Until today, the Seattle Mariners had never swept a three-game series at Fenway Park in Boston. Not against the Boston Red Sox, not against the Harlem Globetrotters, not against nobody. Today the Mariners wrapped up a three-game series at Fenway with a 8-6 win, their third straight. With the sweep, the Mariners added a nice little trivia answer to their history. More importantly, they kept pace in the playoff chase.
Those who tuned in this morning may have been unlucky enough to catch Hisashi Iwakuma‘s start in it’s entirety. The ace righty (let’s not forget that Kuma is an ace, no matter the stature of the man who stands in front of him in the rotation) was shelled for five runs in 2.1 innings, walking one while striking out… one. That’s the shortest outing of his major league career, and the second time in as many days that a Mariners starter couldn’t make it through four full frames. Bummer for Iwakuma, but hopefully he’s back in force next time around.
Boston starter Brandon Workman barely fared better, lasting 4.1 innings while giving up six runs. He and Iwakuma each allowed three in the first, though the Mariners had the opportunity to score even more.Austin Jackson and Dustin Ackley reached on a single and a double, respectively, to open the game. Robinson Cano hit a fielder’s choice, with Jackson out at home on the play. In hindsight, might have been better to stand tight to third. Kendrys Morales, Kyle Seager, and Logan Morrison each followed with back-to-back-to-back RBI singles, giving the M’s their early lead. Kuma would immediately cough it up, of course, but the main point is that the hits keep coming in clusters.
Cano gave us all a bit of a scare when he exited the game midway through the bottom of the third. There’s been a little sickness going around the clubhouse, and today it was Cano’s turn to feel all dizzy and crappy. He’s expected to be back in action tomorrow. Brad Miller filled in admirably at second, where’s he’s looked good defensively in limited action this year. He even did a little hitting in the late innings! Brad Miller should be so great. Maybe next year.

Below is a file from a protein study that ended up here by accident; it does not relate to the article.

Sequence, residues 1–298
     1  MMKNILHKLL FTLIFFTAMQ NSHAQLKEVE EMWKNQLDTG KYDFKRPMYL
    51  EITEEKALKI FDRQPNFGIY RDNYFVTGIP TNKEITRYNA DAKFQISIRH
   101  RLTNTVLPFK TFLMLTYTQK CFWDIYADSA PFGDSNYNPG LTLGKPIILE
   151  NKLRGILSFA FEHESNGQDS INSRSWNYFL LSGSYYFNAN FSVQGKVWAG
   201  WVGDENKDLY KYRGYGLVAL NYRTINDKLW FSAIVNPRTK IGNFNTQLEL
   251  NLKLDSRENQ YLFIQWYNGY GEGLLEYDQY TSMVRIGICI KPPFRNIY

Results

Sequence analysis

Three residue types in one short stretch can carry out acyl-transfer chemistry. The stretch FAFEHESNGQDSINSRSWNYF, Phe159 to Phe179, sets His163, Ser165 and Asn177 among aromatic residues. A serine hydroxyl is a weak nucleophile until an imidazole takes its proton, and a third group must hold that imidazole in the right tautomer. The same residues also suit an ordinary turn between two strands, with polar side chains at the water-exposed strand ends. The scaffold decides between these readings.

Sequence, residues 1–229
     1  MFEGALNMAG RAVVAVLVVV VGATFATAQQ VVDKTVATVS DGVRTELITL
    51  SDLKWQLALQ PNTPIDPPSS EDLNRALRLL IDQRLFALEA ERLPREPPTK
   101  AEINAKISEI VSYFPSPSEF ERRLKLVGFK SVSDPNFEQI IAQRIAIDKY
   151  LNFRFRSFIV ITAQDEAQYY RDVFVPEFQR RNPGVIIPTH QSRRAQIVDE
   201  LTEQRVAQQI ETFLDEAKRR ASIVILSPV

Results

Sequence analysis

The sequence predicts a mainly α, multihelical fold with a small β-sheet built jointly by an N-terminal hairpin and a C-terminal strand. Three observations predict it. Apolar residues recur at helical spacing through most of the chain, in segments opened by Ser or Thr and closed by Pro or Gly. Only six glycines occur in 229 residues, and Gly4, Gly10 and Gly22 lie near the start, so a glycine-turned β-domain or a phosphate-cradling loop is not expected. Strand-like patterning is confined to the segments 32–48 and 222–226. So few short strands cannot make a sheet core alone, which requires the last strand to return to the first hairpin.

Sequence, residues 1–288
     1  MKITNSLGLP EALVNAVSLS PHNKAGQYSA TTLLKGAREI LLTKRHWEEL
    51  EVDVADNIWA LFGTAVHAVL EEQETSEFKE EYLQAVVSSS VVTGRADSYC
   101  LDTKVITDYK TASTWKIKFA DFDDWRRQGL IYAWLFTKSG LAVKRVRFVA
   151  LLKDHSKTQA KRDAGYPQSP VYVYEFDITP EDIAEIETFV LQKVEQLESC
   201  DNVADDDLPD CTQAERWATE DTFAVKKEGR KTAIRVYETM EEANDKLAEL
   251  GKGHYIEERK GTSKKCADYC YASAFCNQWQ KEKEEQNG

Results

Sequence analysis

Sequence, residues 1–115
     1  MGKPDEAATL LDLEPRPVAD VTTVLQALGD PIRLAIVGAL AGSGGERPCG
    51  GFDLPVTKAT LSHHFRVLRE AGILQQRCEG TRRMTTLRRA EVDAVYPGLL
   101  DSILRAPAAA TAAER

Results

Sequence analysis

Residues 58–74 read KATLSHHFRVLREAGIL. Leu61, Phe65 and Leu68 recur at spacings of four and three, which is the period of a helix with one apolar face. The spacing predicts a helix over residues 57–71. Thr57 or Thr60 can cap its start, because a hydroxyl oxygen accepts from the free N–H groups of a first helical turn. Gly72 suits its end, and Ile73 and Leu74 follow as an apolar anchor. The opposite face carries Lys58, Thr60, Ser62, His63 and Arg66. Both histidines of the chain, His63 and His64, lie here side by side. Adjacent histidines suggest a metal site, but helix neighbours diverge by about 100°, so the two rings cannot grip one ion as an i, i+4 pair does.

Chris Denorfia hit an RBI sac fly in the fourth to bring the Mariners within one, and Dustin Ackley tripled with Jackson on first an inning later to tie the game. Miller added a deep sac of his own to score Ackley, giving the M’s a 6-5 lead. Seager lined in an RBI for an insurance run in the eighth, but a Kelly Johnson double in the bottom of the inning made it a one-run game again. But Miller delivered a huge double off the green monster in the top of the ninth to once more give the M’s an important insurance run.
Fernando Rodney caught on to the dramatic nature of the game and flirted with the idea of giving it all back to Boston and then some. Two of the first three batters he faced struck out, sandwiching a Mookie Betts single. Back to back walks of Brock Holt and Dustin Pedroia loaded the bases, but Rodney got Johnson to strike out to end the game. You can strike out the side, or you can strike out the side while looking completely wild and loading the bases in the process. Rodney knows how he likes to play this game.
So the Mariners have wrapped up another successful road trip and return home thirteen games over .500 for the first time in
franchise history a really long time. Next up is three at home against the Texas Rangers, who are slated to pick first overall in next year’s draft. What was supposed to be a dynasty turned into a couple years’ worth of late-season collapses and turned into this abomination of a roster, where injuries have left Colby Lewis and his 5.54 ERA as the de facto staff ace. Tomorrow it’s Roenis Elias vs. Miles Mikolas, which is a cool name that I may as well have made up just now. 7:10 start. The Mariners! The playoffs! It might really happen!